But I had heard about these snowy plovers. “Is it really true, the oil spill is exactly in the only remaining nesting area for this exceedingly rare birds?”

“Yes”, she said, ”It is true. There were only about 10 nesting pairs. We had to catch them, and they are now kept right here in a large cage. Would you like to see them?”

“Well yes. One of the rarest birds in the US? Yes, I would!”

She took to me to a large cage and said: “Now I want you to be quiet, the birds will be sitting on the sand and shell, and they have almost perfect camouflage. So we will quietly get close to the cage and I will point, and then you will just have to look and when you look closely you will see it.”

So we snuck up and she pointed, and after a while I did see this little bird, almost perfectly camouflaged in the sand and shell. I nodded and we walked back. “So why has this bird become so endangered?”

“It is the invasive beach grass that we planted to keep the dunes in place. These birds used to nest on shell and sand and were perfectly camouflaged and were protected against rodents and other egg hunters, because raptors would hunt the rodents. But the beach grass provided cover for rodents against predators, and with increasing rodent populations, the plover nests, which now were surrounded by beach grass, were being raided by the rodents and this resulted in a plover population collapse.”

“So this beach grass is bad for the plovers?”

“Yes”, she said, “actually we are spending a fortune to control it.”

When we got back to my truck, the volunteer came out of the door again and with a beaming smile announced that three birds were ready for release. A few minutes later we released three seagulls and everybody cheered and clapped.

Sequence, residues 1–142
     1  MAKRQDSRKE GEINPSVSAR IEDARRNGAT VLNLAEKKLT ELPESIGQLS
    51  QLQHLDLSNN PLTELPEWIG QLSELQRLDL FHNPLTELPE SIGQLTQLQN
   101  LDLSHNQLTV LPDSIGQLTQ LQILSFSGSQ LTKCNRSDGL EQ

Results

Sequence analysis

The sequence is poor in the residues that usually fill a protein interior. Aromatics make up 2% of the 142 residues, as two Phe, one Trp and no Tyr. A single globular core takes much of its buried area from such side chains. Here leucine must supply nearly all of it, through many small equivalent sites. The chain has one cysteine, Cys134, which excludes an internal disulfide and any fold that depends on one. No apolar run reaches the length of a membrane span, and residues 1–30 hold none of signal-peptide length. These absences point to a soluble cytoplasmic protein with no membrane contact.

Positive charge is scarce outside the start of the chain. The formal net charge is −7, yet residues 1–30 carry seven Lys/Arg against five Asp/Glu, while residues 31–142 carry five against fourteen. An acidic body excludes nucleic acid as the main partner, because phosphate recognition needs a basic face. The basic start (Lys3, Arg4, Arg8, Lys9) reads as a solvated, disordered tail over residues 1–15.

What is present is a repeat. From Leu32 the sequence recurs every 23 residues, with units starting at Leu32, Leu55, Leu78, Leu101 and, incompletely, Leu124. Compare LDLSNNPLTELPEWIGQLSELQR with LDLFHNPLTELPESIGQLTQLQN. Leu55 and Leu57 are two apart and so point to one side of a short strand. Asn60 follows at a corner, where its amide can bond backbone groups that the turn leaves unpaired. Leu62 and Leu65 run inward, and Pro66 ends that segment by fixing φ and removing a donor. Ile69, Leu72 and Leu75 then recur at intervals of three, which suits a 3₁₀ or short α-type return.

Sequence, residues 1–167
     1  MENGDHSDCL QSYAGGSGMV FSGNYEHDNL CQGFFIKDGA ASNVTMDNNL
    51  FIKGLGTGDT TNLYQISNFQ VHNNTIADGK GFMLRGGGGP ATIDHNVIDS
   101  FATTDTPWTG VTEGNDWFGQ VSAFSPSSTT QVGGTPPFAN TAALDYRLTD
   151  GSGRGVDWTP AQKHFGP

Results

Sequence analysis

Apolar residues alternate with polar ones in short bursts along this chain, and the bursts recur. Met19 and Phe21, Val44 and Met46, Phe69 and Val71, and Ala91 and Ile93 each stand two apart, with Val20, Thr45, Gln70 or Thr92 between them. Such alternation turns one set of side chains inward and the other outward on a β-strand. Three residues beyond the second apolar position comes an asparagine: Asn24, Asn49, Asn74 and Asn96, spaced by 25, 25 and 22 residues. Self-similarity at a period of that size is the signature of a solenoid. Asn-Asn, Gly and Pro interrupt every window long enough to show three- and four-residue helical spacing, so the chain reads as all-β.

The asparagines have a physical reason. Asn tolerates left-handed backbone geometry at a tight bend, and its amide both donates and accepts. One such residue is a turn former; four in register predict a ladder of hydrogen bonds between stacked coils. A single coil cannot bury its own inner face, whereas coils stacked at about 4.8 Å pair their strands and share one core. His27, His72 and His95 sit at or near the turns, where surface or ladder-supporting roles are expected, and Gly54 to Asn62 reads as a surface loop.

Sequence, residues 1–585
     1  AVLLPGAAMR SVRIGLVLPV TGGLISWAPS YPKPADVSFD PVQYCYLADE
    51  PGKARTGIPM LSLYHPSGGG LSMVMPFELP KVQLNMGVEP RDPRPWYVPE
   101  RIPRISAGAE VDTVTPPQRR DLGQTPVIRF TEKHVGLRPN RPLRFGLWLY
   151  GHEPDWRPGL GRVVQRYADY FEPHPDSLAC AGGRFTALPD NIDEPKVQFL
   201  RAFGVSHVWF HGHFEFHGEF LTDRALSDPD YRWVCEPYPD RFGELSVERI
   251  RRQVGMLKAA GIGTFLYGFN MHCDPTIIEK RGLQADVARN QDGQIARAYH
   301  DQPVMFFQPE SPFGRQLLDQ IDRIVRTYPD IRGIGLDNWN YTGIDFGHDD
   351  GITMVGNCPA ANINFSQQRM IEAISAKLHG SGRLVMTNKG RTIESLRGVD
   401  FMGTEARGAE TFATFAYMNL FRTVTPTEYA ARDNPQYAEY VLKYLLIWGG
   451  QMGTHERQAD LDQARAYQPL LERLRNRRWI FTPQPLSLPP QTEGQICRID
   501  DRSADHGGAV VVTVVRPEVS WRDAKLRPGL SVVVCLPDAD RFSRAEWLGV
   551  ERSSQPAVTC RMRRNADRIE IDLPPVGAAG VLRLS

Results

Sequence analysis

When I got back to the hotel, I found the DEP employee at the bar with the rest of the salvage crowd. I got a beer and ordered one for him too. He thanked me and we took a sip.

I said: “The beach area you cleared is bigger than I thought it would be. Is that going to cost more to restore?”

He waited a second to answer: “Well, we will have to see.”

“I suppose you are going to have to decide whether you can get away with charging us for not replacing that damn beach grass …….. and then take it out again to protect the plovers?”

He took another sip of his beer and smiled a little and said, “Well, can you blame me for trying?”

Then he looked at me and said: “Ok, so you got me, but now I am wondering. If we pay for the fuel, can we use your bulldozer when you are not using it to clear more of that beach grass?”

“Hell, I can’t think of an idea that would delight me more, and there is no doubt my client would be delighted to pay for the fuel too.”

Cooperation is a beautiful thing. All you need to do is find common ground, and generally you find that by random exploration on the other side of the game.

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Picture credits: Wikipedia